U.S. CitiesCity-Data Forum Index
Go Back   City-Data Forum > General Forums > Real Estate > Mortgages
 [Register]
Please register to participate in our discussions with 2 million other members - it's free and quick! Some forums can only be seen by registered members. After you create your account, you'll be able to customize options and access all our 15,000 new posts/day with fewer ads.
View detailed profile (Advanced) or search
site with Google Custom Search

Search Forums  (Advanced)
 
Old 05-10-2012, 01:39 PM
 
150 posts, read 594,232 times
Reputation: 119

Advertisements

So we found a house and have a contract and our initial meeting with the lender went perfectly fine, our credit/debt are fine ... we can afford the house we want, etc. But there is just one thing that I didn't ask that has been bugging me ... it was briefly mentioned when we talked with the lender, but not given much attention.

Knowing very little about the terminology etc of home loans basically my understanding is that it is virtually impossible (at our income level anyway) to get approved for a loan being considered as a "self-employed" contractor. The lender requires 2 years of tax forms, income proof etc. Here is the question:

My husband and I were both considered for tax purposes as self-employed for most of 2010 - when we learned this would prevent us from getting a loan we had our employers switch us to W2. I believe that happened in October or November 2010. So only the last 2 or 3 months of 2010 was "W2" ... so we do have W2s for 2010, but only for a small window of time.

Then we went all of 2011 as W2 employees for the same companies, where we still work and where we are still W2.

Should I be worried about 2010? I don't want to bother the lender about this unnecessarily.
Quick reply to this message

 
Old 05-10-2012, 04:50 PM
 
491 posts, read 1,972,685 times
Reputation: 530
Have you filled out your loan application yet? The lender will let you know if this is a problem. If you haven't filled out the app and want to put your mind at ease, go ahead and discuss it further with the lender. It's not a bother to the lender - they have to deal with all kinds of situations. And it's better to find out about any issues now.
Quick reply to this message
 
Old 05-11-2012, 08:27 AM
 
Location: Plano, Texas
1,676 posts, read 6,333,376 times
Reputation: 684
First of all, there is nothing that prevents a self employed person from getting a mortgage.

Switching from self employed to W2 will create no problems...if it was the other way around, going from w2 to self employed, that would be an issue.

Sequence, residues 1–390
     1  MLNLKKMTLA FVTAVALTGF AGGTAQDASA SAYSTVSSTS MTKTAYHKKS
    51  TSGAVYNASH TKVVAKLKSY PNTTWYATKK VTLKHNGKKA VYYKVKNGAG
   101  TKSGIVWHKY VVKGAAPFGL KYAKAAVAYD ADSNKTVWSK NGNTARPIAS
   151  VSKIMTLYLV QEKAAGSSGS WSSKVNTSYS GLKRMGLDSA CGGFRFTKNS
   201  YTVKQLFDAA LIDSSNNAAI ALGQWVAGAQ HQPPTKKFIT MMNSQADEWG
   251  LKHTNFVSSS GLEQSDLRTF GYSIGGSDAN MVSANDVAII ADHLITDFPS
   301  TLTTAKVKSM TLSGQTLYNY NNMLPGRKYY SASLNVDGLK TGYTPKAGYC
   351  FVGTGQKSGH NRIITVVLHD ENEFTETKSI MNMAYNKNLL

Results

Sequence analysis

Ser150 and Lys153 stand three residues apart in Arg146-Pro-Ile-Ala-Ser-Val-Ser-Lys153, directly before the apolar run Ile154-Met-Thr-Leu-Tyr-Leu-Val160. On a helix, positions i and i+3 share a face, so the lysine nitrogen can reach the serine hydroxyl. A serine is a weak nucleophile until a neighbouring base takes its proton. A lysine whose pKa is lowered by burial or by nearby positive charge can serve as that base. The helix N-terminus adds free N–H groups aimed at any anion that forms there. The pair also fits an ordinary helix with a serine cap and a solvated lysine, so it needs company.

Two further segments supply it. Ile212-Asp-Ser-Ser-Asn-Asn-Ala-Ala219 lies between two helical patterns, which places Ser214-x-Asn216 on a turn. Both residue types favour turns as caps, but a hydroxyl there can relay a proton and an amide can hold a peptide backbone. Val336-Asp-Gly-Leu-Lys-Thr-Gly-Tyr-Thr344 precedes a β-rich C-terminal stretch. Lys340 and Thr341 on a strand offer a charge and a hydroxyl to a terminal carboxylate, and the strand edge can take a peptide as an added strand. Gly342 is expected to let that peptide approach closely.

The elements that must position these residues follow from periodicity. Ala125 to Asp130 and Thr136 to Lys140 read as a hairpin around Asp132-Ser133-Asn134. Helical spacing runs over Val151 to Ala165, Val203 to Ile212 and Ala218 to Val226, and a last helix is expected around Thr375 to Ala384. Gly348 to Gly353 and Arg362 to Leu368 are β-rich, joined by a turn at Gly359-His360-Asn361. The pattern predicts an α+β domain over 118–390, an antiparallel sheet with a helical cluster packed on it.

Quick reply to this message
 
Old 08-08-2013, 09:59 AM
 
1 posts, read 5,081 times
Reputation: 10
My husband and I are both self employed and we were told we could not get a mortgage without a W2. My husband does receive a 1099 for some independent freelance work, yet we were told that is not enough to get a mortgage. We are feeling discouraged and are unsure what our next step should be for getting a mortgage loan?
Quick reply to this message
 
Old 08-08-2013, 11:48 AM
 
4,787 posts, read 8,754,839 times
Reputation: 12592
Of course you can get a loan if you are self employed. Happens all the time. You just have to prove your income for at least two years and much longer is even better. The qualifying is tougher but absolutely no reason it can't be done.

Now if you have totally screwed up your life by working under the table, or by playing with your tax return so that a $ 90,000 income gets reported to the IRS as $ 25,000, then you have a problem.

Go speak to a couple more loan officers. Find one who can explain to you what you need to do to qualify for a loan.
Quick reply to this message
 
Old 08-09-2013, 07:21 PM
 
Location: MID ATLANTIC
7,598 posts, read 17,618,792 times
Reputation: 8078
Isle_Gal, you are fine. Don't give this aspect of buying another thought.

bradiecloud9 - if you can't show the income to make the payment, you don't want the loan. In a nutshell, what is going on (this is a guess), you are writing off so much of your income to avoid paying income taxes, there's nothing left to show how you will make your mortgage payment. A scenario like that makes it impossible for a loan officer to make an argument for your loan.
Quick reply to this message
Please register to post and access all features of our very popular forum. It is free and quick. Over $68,000 in prizes has already been given out to active posters on our forum. Additional giveaways are planned.

Detailed information about all U.S. cities, counties, and zip codes on our site: City-data.com.


 
Please update this thread with any new information or opinions. This open thread is still read by thousands of people, so we encourage all additional points of view.

Quick Reply
Message:
Over $104,000 in prizes was already given out to active posters on our forum and additional giveaways are planned!

Go Back   City-Data Forum > General Forums > Real Estate > Mortgages
Follow City-Data.com founder on our Forum or

All times are GMT -6.

2005-2018, Advameg, Inc.

City-Data.com - Archive 1, 2, 3, 4, 5, 6, 7, 8, 9, 10, 11, 12, 13, 14, 15, 16, 17, 18, 19, 20, 21, 22, 23, 24, 25, 26, 27, 28, 29, 30, 31, 32, 33, 34, 35 - Top